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    Car is on Long Island, NY. Used by my wife to go to work for 4years, retired for 3 1/2. Doing about 11-12K a year.
     
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  11. Ronald Thompson

    Ronald Thompson Junior Member

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    Software patch had nothing to do with reducing heat. That was incorrect. The software patch allowed you to "limp home" as opposed to the car dying on the side of the road. It did nothing to compensate for the defective part.
     
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  12. BurkPhoto@aol.com

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    Thankfully!

    The IPM in my 2010 with only 75500 miles on it died yesterday, 01/23/20. The thing died in Charlotte, four miles from the nearest dealer. I live in High Point (60+ miles away). They are fixing it now...


    — Bill Burkholder
     
  13. Mendel Leisk

    Mendel Leisk 'Orrible Oracle

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    There have been two software patches for the inverter. Looking through my receipt book, documents sent to me by Toyota Canada:

    March 2014
    SOSH-230-1A

    My undertanding of this one: there was concerns that hard/sudden accelerations demands could cause some welds in the circuitry to fail. The software update is to make the surge come on a little more gradually.

    January 2019
    SOSH-R66-1A

    This time, the concern was that in event of invert failure you would be left stranded, sometimes. Software update to fix this.
     
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  14. ChapmanF

    ChapmanF Senior Member

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    We had the same two recalls in the US, only with different names: E0E for the earlier one, J0V for the later.

    E0E changed the programming that switches the transistors in the IPMs, and a close reading of the defect information report for that one differs somewhat from the usual PriusChat story about it. There was a problem involving solder not staying nicely annealed if it got heated and then cooled too quickly, and there are a lot of armchair engineers on PriusChat who have decided the programming change must have been a power limit to reduce the heating. Which of course is so not the first thing I would try for solving a too-fast-cooling problem. But, you know, we're PriusChatters, and Toyota only has engineers, so they have to make do somehow.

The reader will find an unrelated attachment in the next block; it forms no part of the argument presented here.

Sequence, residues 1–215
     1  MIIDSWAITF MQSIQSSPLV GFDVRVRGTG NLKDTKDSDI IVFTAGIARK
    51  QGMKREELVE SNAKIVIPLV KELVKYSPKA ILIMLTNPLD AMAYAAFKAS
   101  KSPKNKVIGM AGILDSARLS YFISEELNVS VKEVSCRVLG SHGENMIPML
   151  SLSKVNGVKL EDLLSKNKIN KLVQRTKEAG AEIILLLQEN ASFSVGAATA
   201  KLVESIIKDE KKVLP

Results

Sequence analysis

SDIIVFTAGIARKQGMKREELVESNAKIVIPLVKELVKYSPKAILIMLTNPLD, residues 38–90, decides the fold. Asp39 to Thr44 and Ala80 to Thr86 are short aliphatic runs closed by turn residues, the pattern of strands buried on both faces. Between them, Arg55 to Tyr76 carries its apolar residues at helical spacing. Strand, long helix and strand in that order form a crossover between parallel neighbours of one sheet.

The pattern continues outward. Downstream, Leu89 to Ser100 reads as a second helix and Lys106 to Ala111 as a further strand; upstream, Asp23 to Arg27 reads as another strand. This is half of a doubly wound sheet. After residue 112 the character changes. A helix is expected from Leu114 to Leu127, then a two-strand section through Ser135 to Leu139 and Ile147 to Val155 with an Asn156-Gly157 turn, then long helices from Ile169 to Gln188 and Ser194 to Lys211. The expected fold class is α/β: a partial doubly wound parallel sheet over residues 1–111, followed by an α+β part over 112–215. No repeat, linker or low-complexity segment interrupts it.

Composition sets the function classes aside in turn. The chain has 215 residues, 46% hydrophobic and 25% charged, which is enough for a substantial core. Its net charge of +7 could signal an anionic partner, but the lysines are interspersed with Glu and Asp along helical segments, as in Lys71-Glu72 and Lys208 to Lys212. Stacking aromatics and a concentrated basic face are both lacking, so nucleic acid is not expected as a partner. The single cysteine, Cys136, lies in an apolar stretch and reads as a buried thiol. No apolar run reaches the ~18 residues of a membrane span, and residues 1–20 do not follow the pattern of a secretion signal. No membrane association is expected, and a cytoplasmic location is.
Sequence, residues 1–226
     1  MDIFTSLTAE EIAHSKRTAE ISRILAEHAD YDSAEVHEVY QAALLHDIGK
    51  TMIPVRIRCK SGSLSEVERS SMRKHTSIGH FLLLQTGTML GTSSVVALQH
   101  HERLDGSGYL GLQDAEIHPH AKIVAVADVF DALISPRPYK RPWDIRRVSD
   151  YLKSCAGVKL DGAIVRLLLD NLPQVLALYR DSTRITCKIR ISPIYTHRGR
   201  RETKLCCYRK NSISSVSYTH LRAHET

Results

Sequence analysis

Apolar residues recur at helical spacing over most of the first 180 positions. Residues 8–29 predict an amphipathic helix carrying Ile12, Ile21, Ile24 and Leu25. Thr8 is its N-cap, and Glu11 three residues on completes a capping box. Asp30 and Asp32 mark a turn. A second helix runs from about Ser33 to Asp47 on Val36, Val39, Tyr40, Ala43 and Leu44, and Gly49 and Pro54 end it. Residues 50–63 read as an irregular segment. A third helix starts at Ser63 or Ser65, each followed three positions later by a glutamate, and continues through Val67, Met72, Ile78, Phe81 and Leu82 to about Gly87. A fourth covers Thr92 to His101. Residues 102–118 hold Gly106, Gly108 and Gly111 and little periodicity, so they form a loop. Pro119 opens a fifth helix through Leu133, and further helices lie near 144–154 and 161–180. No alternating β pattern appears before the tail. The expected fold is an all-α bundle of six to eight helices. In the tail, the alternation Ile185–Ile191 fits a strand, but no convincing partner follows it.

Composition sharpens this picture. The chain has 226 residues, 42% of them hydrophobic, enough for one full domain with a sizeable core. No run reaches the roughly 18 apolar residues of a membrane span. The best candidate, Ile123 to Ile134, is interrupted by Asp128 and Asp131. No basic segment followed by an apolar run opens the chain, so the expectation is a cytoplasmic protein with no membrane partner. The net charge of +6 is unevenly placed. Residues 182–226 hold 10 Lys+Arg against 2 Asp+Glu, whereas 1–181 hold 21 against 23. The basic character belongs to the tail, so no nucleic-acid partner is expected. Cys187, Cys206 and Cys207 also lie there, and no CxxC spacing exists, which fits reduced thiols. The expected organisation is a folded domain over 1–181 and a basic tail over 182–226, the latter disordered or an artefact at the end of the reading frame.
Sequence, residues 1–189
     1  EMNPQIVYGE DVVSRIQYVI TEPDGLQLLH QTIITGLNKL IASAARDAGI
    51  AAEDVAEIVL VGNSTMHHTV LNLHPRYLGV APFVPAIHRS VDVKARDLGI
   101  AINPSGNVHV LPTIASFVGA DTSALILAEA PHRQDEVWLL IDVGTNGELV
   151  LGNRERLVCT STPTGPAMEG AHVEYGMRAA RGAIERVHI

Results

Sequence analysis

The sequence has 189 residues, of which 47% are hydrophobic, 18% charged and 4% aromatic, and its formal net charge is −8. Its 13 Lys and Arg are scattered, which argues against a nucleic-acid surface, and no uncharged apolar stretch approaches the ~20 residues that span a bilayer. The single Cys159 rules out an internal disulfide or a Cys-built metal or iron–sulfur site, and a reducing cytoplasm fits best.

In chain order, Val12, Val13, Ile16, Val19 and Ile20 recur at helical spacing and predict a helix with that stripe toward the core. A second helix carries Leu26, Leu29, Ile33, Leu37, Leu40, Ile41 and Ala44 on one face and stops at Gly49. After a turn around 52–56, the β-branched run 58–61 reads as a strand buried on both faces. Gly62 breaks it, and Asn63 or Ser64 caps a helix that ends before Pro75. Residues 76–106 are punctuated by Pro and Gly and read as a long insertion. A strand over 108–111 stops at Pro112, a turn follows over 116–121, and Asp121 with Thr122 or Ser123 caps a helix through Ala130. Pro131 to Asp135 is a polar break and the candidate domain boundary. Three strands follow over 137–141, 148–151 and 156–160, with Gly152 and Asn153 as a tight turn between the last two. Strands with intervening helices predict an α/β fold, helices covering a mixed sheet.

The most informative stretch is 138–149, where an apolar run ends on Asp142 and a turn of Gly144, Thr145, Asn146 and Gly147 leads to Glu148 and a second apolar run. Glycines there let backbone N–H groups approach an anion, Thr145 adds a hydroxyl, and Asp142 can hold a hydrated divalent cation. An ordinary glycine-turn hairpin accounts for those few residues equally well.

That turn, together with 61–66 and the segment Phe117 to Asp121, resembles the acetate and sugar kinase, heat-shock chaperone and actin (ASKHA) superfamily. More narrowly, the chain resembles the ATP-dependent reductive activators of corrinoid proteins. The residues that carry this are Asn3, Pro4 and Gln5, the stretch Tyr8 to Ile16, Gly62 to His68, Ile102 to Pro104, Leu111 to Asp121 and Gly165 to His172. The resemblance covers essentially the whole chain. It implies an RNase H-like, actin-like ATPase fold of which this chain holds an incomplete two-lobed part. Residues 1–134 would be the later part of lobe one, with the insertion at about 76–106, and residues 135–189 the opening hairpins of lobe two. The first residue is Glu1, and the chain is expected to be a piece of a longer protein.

The J0V recall was a bit of an interesting story. Mostly, it's about correcting one corner case in the programming where the failure of an IPM transistor would leave you in power-off instead of limp-home. (And a really obscure corner case too: if the transistor happened to fail at just the right instant, under just the right current, that the sudden change in current flow produced an interference spike picked up on a completely different part of the circuit and triggering the shutdown programming! Try predicting that one before it happens....)

    But there was another part of the J0V story. It seemed that some fraction of cars that had the E0E recall done still ended up having crunchy-solder problems anyway. And the reason turned out kind of embarrassing; a low-five-figures number of cars that had the E0E recall "done" in fact had not had all of the programming reflashed. Why? Um ... an editorial goof in the instructions that were handed out to the dealer techs doing the work. Several different places in the instructions had all the correct steps, but there was one section where one step was missing, so if a tech got to the point of having done several cars and feeling pretty familiar, and paying a little less attention to the instructions as a whole but just kind of skimming along, they could end up leaving out that step.

    So the J0V recall did also involve making sure that all the reflashing that was supposed to happen in E0E really got done (they developed a whole new module for Techstream that checks for the needed updates itself, and reports back to the mother ship that they've really been done. Somebody really didn't want to hear any more stories about updates getting missed!).
     
  15. Tim Jones

    Tim Jones Active Member

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    I was 1100 miles from home when mine went out.